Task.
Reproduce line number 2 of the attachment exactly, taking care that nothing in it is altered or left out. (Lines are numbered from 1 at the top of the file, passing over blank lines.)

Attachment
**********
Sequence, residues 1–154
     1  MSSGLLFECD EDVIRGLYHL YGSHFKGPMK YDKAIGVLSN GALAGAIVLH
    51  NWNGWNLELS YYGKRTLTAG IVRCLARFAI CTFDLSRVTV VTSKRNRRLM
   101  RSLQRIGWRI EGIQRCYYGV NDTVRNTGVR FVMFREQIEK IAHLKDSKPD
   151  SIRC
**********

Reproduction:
     1  MSSGLLFECD EDVIRGLYHL YGSHFKGPMK YDKAIGVLSN GALAGAIVLH